John Poynting
John Henry Poynting
Born(1852-09-09)9 September 1852
Monton, Lancashire, England
Died30 March 1914(1914-03-30) (aged 61)
Birmingham, England
Alma mater
Known forPoynting vector
Poynting effect
Poynting's theorem
Poynting–Robertson effect
Scientific career
InstitutionsMason Science College, University of Birmingham
Academic advisorsJames Clerk Maxwell
Notable studentsFrancis William Aston; Alfred J. Lotka
Mason Science College (demolished in 1964)

John Henry Poynting FRS[1] (9 September 1852 – 30 March 1914[2][3]) was an English physicist. He was the first professor of physics at Mason Science College from 1880 to 1900, and then the successor institution, the University of Birmingham until his death.[4]

Early life and education

Poynting was the youngest son of Thomas Elford Poynting, a Unitarian minister. He was born at the parsonage of the Monton Unitarian Chapel in Eccles, Lancashire, where his father served as minister from 1846 to 1878. In his boyhood, he was educated at the nearby school operated by his father. From 1867 to 1872, he attended Owens College, now the University of Manchester, where his physics teachers included Osborne Reynolds and Balfour Stewart. From 1872 to 1876 he was a student at the University of Cambridge, where he attained high honours in mathematics after taking grinds with Edward Routh.


In the late 1870s, he worked in the Cavendish Laboratory at Cambridge under James Clerk Maxwell.[5] In 1880, he became the first professor of physics at the University of Birmingham. He was the developer and eponym of the Poynting vector, which describes the direction and magnitude of electromagnetic energy flow and is used in the Poynting theorem, a statement about energy conservation for electric and magnetic fields. This work was first published in 1884. He performed a measurement of Newton's gravitational constant by innovative means during 1893. In 1903 he was the first to realise that the Sun's radiation can draw in small particles towards it:[6] this was later named the Poynting–Robertson effect.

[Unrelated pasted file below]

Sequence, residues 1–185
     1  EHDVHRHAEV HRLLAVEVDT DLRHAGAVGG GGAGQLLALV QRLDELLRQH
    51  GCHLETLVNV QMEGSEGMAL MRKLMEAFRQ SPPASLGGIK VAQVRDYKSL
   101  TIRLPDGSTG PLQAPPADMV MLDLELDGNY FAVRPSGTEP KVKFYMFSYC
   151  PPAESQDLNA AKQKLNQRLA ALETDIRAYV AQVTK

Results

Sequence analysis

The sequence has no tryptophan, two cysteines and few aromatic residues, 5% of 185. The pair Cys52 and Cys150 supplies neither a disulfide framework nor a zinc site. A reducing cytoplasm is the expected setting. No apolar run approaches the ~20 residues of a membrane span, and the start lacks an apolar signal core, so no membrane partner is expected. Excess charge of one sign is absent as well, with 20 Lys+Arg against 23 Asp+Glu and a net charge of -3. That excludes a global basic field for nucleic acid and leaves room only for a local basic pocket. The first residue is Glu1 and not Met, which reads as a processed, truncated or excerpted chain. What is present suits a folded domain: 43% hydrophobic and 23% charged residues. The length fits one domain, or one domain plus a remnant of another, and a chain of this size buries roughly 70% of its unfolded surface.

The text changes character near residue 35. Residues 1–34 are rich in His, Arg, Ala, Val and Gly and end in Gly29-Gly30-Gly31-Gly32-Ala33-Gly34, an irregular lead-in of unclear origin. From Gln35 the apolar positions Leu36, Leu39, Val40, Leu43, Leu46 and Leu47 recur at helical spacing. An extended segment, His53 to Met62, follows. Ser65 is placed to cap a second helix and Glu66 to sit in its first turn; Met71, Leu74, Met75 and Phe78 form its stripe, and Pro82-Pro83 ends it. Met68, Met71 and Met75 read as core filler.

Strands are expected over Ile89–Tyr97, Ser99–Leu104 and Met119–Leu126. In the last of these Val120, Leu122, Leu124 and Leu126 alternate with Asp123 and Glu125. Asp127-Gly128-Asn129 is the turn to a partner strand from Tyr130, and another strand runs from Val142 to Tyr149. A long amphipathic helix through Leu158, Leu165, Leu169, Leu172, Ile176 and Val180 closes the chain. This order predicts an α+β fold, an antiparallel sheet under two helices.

He discovered the torsion-extension coupling in finite strain elasticity. This is now known as the (positive) Poynting effect in torsion.

Poynting and the Nobel prizewinner J. J. Thomson co-authored a multi-volume undergraduate physics textbook, which was in print for about 50 years and was in widespread use during the first third of the 20th century.[7] Poynting wrote most of it.[8]

He was awarded an honorary MSc in Pure Science in 1901 by Birmingham University.[9]

Poynting lived at 11 St Augustine's Road, Edgbaston with his family and servants for some years. He previously lived at 66 Beaufort Road, Edgbaston (demolished) and died of a diabetic coma[citation needed], aged 61, at 10 Ampton Road, Edgbaston in 1914. In 1880, he married Maria Adney Cropper. He was survived by his widow, a son, and two daughters.[10]